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How far in advance can I make a bechamel sauce before using it without having to cool, refrigerate and reheat.

For instance if I'm making a creamed spinach dish for a dinner party can I make the sauce right before my guests arrive, leave it on very low heat or in a warm oven unattended while I visit with everyone before dinner, and then assemble the final dish an hour later? How long could I push the timing? Also should I leave the sauce in a heated environment, or just on the counter and then rewarm it? Will there be a noticeable drop in quality?

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If you're thinking of letting it cool and pushing the timing, you have food safety concerns: cooking.stackexchange.com/questions/17528/… –  Jefromi Jul 19 '12 at 16:50
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3 Answers

up vote 2 down vote accepted

You could make it beforehand, store it in the fridge, and warm it up in the microwave when you want it. You'll only get problems if you add cream - then it may split.

It really is not worth the risks of having it sitting around. The alternative is to have your roux prepared, and work the sauce up quickly.

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If you do this, cover it with plastic wrap placed directly on the surface of the sauce to prevent a skin forming. –  ElendilTheTall Jul 19 '12 at 18:03
    
It depends on how quickly you can heat a portion the size you are making (big portion, resistive electric stove and thick SS or iron pan all make it slow), but I would prefer the roux from the fridge + sauce at serving time option. This supposes that you have a very low failure ratio with bechamel, of course, so not for absolute novices. –  rumtscho Jul 19 '12 at 19:27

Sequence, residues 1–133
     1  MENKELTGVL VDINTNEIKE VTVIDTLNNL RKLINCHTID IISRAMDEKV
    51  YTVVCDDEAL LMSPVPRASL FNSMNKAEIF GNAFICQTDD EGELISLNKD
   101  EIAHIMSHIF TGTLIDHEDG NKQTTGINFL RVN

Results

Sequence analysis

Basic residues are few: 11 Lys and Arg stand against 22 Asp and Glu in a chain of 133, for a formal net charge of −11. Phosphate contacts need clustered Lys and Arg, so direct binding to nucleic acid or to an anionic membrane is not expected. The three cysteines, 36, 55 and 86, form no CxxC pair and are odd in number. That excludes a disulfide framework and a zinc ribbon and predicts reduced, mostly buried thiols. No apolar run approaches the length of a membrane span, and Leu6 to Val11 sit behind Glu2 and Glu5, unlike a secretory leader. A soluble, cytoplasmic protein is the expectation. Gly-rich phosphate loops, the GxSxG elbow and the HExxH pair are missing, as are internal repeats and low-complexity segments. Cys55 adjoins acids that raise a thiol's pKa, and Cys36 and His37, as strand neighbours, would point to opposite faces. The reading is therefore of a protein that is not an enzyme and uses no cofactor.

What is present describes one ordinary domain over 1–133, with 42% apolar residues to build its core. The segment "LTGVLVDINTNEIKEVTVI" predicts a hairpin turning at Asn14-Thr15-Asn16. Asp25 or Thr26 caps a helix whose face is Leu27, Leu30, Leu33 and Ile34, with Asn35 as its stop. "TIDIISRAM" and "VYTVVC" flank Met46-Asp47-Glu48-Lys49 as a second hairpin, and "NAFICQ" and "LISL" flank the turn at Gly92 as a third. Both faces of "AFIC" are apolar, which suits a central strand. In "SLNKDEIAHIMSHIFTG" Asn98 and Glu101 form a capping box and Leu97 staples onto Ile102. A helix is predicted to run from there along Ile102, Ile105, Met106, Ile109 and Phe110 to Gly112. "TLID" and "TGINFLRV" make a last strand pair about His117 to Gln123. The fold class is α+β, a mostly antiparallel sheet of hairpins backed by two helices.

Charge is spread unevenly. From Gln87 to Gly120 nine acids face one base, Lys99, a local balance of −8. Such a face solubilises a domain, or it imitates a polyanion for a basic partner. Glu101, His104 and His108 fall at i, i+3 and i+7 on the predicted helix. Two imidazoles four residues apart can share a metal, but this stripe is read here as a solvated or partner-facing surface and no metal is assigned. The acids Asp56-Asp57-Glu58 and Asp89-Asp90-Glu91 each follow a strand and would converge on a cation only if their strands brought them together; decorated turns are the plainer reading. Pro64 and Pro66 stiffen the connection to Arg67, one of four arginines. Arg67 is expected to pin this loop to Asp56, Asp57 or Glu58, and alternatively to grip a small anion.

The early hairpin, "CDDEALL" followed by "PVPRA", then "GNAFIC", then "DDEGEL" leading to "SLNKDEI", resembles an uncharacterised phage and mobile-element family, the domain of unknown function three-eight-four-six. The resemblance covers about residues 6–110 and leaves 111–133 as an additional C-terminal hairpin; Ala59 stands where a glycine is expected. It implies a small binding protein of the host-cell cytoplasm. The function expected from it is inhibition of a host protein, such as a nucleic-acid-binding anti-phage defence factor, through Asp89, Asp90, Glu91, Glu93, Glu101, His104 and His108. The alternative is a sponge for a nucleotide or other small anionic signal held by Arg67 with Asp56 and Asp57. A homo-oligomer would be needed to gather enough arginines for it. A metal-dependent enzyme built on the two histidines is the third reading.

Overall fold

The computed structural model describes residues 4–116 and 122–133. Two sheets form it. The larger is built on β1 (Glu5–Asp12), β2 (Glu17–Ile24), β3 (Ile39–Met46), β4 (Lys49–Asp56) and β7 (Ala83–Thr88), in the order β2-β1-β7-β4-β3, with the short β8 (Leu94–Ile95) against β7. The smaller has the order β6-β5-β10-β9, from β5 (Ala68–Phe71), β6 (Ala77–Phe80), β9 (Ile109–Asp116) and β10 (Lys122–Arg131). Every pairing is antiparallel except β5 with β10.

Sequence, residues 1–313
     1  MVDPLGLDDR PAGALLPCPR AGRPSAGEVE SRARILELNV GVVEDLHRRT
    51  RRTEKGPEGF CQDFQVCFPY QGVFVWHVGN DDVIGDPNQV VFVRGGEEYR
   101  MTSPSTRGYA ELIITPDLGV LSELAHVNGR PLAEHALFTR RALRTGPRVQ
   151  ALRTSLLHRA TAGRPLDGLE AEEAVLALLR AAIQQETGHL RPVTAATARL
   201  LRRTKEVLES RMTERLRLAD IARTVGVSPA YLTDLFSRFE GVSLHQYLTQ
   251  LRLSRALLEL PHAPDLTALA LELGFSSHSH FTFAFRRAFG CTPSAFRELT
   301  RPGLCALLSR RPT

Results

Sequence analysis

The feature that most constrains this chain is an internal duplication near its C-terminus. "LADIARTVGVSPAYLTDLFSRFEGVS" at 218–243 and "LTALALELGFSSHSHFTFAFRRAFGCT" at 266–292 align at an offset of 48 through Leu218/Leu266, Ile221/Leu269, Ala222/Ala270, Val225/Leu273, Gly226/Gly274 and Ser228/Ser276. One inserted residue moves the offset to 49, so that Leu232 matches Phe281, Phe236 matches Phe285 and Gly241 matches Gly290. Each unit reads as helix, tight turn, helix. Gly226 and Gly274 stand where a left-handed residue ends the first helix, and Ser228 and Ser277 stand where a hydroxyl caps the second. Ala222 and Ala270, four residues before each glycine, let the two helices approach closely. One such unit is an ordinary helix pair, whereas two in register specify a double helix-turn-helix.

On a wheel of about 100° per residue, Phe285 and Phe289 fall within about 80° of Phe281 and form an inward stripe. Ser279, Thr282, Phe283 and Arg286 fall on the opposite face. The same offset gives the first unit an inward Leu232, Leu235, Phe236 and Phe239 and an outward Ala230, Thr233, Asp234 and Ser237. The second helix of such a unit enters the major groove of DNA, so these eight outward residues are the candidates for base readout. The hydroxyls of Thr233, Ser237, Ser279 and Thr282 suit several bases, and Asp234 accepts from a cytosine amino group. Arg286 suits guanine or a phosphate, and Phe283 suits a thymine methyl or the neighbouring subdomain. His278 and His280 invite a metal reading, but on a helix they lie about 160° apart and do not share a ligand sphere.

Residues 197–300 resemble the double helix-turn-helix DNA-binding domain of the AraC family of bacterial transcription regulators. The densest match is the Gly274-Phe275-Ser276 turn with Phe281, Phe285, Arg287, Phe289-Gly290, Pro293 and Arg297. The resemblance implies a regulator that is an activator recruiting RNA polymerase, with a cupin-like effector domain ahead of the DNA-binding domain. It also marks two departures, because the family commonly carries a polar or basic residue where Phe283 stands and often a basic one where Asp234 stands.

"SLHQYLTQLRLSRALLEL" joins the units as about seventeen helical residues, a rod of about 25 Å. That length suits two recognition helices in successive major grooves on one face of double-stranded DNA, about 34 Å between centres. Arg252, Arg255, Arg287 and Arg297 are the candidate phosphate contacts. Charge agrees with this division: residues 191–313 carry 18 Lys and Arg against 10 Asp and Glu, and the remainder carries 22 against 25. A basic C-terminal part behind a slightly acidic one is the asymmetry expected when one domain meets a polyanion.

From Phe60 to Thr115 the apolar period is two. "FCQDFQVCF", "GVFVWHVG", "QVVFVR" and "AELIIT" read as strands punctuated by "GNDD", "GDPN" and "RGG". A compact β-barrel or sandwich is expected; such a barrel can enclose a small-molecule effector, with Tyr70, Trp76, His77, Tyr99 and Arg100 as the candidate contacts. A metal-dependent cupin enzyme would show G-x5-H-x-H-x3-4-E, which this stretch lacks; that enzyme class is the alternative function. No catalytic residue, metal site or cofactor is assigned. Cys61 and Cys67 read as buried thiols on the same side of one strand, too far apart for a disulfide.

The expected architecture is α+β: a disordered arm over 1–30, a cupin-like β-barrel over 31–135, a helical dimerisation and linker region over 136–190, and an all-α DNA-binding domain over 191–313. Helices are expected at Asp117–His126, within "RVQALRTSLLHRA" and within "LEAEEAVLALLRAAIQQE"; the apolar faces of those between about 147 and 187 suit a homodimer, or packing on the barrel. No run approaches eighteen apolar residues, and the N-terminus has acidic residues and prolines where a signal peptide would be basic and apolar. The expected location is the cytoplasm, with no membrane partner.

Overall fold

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I would recommend making too much sauce and allowing the dish to sit in the oven, in a heavy casserole dish covered with aluminum foil, at 150'F; this will allow you to bypass danger zone concerns for as long as the dish remains edible.

At 150'F it should last quite awhile and the sauce should only reduce minimially depending on how long it is in there. My guess would be that you could stow it away for 2 hours without a noticeable difference.

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In my family, as a bechamel-based lasagne is always on our Christmas Eve menu, we just make a batch up that afternoon for anyone who wants to pour some extra over their lasagne, and keep it warm on the stove for about 2 hours while we deal with hors d' oeuvres and everyone showing up. (the lasagne itself was assembled the day before).

We've never had a problem -- there's generally someone going through the kitchen every 10-15 min or so, to give it a stir, so it's not a big deal. (the lasagne is the first course ...if you were trying to hold this for a second course, I guess it could be more or a problem, as you'd all be in the dining room)

I don't recall ever having problems with a skin forming with it kept on the stove, but we generally thin it back to the right consistency right before serving (cold milk is fine, no need to keep another burner going), as you don't know exactly how long it's going to be on the heat.

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